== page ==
Nations around the world are taking actions to limit the spread of the novel coronavirus, a disease some scientists say could kill millions of people around the world.
Nations are handling the coronavirus threat in different ways. China instituted the largest quarantine in human history. Hungary recently granted nationalist Prime Minister Viktor Orban sweeping new powers with no expiration date. Most nations, including the US, have instituted closures and lockdowns. Some nations, like Sweden and the Netherlands, have taken relatively little state-enforced actions.
It’s unclear how many lives will be saved by lockdowns and closures—some epidemiologists have expressed skepticism of the strategy—but the economic consequences are becoming more clear.
In the wake of forced closures, an unprecedented number of Americans are now jobless. Below are some figures that illustrate the situation facing US workers.
10 Facts on Unemployment
1. New jobless claims in the US spiked to a record 6.6 million this week, a 3,000 percent increase from early March.
2. That is more than double the record 3.3 million new jobless claims set last week—which was already nearly five times higher than the previous record of nearly 700,000 set in 1982.
3. It’s a historic collapse, yet it could soon become much worse. Economists at the Federal Reserve Bank of St. Louis recently projected that unemployment could reach 32 percent nationwide.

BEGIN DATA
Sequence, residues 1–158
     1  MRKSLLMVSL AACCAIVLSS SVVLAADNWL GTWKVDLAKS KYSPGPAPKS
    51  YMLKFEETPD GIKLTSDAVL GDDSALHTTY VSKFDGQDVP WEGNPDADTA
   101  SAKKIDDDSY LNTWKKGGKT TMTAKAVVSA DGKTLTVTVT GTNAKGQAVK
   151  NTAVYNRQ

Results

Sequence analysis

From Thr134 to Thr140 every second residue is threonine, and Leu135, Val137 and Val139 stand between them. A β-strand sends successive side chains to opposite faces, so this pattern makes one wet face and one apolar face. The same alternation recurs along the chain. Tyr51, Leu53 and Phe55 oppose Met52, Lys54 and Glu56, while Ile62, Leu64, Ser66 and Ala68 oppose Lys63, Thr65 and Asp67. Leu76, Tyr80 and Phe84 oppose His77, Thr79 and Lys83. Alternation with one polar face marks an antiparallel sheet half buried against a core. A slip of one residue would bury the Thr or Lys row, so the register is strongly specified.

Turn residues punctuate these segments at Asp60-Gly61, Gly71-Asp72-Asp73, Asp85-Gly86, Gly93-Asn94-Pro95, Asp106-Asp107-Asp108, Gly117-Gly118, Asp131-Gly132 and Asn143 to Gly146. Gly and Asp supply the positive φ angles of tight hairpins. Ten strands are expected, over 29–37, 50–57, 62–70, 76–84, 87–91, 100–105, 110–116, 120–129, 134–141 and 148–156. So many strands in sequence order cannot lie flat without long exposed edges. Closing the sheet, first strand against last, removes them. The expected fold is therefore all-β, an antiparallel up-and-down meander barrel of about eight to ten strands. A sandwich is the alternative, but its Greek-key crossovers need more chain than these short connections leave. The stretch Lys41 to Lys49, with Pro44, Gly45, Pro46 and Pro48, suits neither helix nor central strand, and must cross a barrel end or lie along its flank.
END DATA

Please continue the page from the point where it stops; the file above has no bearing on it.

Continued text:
4. That figure would smash the highest unemployment rate in US history—24.9 percent, which occurred in 1933 during the height of the Great Depression.
5. The unemployment rate does not include the 96 million Americans not in the workforce prior to the lockdowns.
6. JPMorgan Chase projects real GDP to fall 10 percent in the first quarter and 25 percent in the second quarter. Getting these employees quickly back to work will be key to any economic recovery.
7. Under the recently passed coronavirus relief bill, most workers who lost jobs during the pandemic will be eligible to receive federal payments of $600 per week on top of their state unemployment benefits for four months.
8. Regular unemployment benefits were also extended 13 weeks. While these measures are intended to help workers, it could also incentivize companies to lay-off employees and disincentivize workers from returning to the labor force, exacerbating the coming recession.